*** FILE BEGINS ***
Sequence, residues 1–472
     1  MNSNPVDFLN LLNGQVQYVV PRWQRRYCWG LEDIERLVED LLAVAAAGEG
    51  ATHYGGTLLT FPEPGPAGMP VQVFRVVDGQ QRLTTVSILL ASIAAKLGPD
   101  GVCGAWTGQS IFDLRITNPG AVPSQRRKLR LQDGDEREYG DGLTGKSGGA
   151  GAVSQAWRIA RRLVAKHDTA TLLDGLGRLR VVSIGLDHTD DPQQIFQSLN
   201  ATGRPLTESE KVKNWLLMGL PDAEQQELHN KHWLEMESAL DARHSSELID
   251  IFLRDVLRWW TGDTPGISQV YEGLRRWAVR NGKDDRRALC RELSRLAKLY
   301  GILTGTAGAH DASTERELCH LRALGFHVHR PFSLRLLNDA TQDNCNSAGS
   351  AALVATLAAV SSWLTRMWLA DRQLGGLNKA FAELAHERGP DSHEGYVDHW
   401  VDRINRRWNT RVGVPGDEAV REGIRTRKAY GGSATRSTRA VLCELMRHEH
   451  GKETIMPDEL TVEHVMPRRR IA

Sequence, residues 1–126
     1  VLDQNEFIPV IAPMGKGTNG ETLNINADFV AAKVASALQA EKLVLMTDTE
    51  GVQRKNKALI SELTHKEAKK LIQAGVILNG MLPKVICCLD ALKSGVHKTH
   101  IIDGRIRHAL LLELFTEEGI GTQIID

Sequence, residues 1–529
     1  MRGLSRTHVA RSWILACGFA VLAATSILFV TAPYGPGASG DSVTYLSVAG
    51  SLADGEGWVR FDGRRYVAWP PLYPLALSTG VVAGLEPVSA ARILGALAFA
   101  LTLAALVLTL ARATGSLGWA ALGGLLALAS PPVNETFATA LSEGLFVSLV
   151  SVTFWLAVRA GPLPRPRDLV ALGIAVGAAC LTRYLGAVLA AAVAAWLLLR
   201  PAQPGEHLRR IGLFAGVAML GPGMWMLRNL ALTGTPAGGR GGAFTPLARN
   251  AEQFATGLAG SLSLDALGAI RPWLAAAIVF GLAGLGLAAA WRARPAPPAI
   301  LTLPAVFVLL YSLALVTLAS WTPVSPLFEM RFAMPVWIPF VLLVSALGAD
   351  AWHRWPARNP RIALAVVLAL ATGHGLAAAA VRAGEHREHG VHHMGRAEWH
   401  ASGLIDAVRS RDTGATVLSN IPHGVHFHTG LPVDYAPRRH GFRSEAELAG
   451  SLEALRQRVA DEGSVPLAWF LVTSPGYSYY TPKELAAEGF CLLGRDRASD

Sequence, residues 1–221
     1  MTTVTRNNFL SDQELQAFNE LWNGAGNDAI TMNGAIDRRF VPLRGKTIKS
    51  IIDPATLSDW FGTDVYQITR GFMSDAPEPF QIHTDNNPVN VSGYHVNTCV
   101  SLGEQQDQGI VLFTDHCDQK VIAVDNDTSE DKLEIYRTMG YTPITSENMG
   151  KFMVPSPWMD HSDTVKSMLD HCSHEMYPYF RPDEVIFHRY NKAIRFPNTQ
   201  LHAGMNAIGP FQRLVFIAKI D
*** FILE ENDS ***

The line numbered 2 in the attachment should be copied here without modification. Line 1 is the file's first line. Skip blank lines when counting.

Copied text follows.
     1  MNSNPVDFLN LLNGQVQYVV PRWQRRYCWG LEDIERLVED LLAVAAAGEG